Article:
Wild at Heart Great animal books for your little critter

School’s out, summer’s in—so it’s time to brush up on your knowledge of creatures and crawlers before heading on hikes or for that dip in the ocean. Check out these tales of tails and fur recommended by Rona Sue London of The Ivy Bookshop in Baltimore.

Board/ Toddler Books

“Curious Critters Maryland”
by David FitzSimmons
Can’t make it to the Maryland Zoo this summer? No worries! “Curious Critters Maryland” uses stunning photography to bring young readers up-close-and-personal with animals native to the state (Independent Publishers Group).

“Tails”
by Matthew Van Fleet
Toddlers and preschoolers will have a blast poking, pulling, scratching and sniffing this loveable book that teaches children all about animals’ tails. With its colorful illustrations and bits of fur, Tails is sure to give children a hands-on lesson of their favorite animals (HMH Books for Young Readers).

“My Big Animal Book”
by Roger Priddy
From lion cubs and kittens, to bears and bunnies, this books features animals big and small. Your child will master picture and word association, just in time for the school year (Priddy Books)!

Picture Books

“There is a Tribe of Kids”
by Lane Smith
In this book about adventure and discovery, a young boy sets out on a journey alone—but he isn’t alone for long. He’s accompanied by penguins, whales, butterflies and more, as he maneuvers his way through the jungle and swims to the depths of the ocean. The groups of animals that he meets along the way teach him what it really means to belong (Roaring Brook Press).

“Amazing Animal Journeys”
by Chris Packham
Have you ever wanted to take a trip with a herd of wildebeests? Well, here’s your chance! Wildlife expert Chris Packham takes children on a journey with the planet’s greatest world travelers. Learn all about the billions of animals that migrate each year, through facts about wildlife and maps of their routes (Sterling Publishing).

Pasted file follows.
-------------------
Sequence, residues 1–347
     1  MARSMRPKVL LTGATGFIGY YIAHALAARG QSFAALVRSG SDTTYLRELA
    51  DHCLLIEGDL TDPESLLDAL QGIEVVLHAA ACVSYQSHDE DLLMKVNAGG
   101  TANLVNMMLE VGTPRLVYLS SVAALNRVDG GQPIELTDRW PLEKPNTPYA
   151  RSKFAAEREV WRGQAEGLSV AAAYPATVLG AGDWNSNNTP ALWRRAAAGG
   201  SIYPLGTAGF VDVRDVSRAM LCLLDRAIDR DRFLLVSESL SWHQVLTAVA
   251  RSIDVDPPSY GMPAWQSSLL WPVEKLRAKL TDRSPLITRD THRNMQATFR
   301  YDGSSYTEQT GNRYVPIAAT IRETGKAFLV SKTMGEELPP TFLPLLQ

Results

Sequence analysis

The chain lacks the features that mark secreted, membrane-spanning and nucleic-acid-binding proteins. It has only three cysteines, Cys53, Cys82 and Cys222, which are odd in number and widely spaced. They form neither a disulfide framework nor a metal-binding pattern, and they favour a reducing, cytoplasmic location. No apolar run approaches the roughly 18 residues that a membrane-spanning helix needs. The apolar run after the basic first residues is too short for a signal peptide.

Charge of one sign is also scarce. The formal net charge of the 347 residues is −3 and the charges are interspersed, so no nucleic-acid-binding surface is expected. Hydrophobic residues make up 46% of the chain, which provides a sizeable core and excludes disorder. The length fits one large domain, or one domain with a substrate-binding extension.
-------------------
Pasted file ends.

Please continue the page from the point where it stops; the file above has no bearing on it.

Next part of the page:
Early Readers

“The Animal Book”
by Steve Jenkins
Encourage your child to explore the animal kingdom and learn everything they need to know about wildlife. Get to know all of the furry, scaly—and sometimes slimy—animals featured in the book, through vivid illustrations and easy-to-read captions (Houghton Mifflin Harcourt).

“Atlas of Animal Adventures”
by Rachel Williams and Emily Hawkins
You will travel from the South African desert to the mountains of China, while reading this. It’s a great choice for those interested in learning facts about various animals, their homes, diet and more (Wide-Eyed Editions)!

Middle Readers

“Endangered”
by Eliot Schrefer
Sophie wasn’t happy to visit her mother at the sanctuary for bonobos, but when she did, she found something much greater: Otto, an infant bonobo, whom she took care of. When a revolution broke out in her home country of Congo, Sophie and Otto fled into the jungle to save themselves (Scholastic).

“National Geographic Animal Encyclopedia”
by Dr. Lucy Spelman
The world is at your fingertips. Check out everything National Geographic has to offer in this encyclopedia. With more than 2,000 species featured, your child’s knowledge of animal science, communication and habitats will be in tip-top shape (National Geographic).

“The Wild Robot”
by Peter Brown
Roz the robot’s survival skills are tested when she crash lands on an island. As she begins to take care of a baby goose, the other animals teach her how to adapt, survive and thrive in her new environment (Little, Brown Books for Young Readers).

Young Adults

“National Geographic The Photo Ark: One Man’s Quest to Document the World’s Animals”
by Joel Sartore
This great big book of animals was a lifelong project by photographer Joel Sartore, who photographed 12,000 species to raise awareness about animal conservation and to inspire people to protect endangered animals (National Geographic).

“The Elephant Whisperer: My Life with the Herd in the African Wild”
by Lawrence Anthony
When animal conservationist Lawrence Anthony was asked to take in a herd of elephants, he was reluctant to say, “Yes.” But after careful thought and consideration, he realized he was their saving grace—without him, they would get killed. Anthony shares the impact the elephants had on his life in this memoir (St. Martin’s Press)

— Kirstyn Flood

Leave a Reply

Your email address will not be published. Required fields are marked *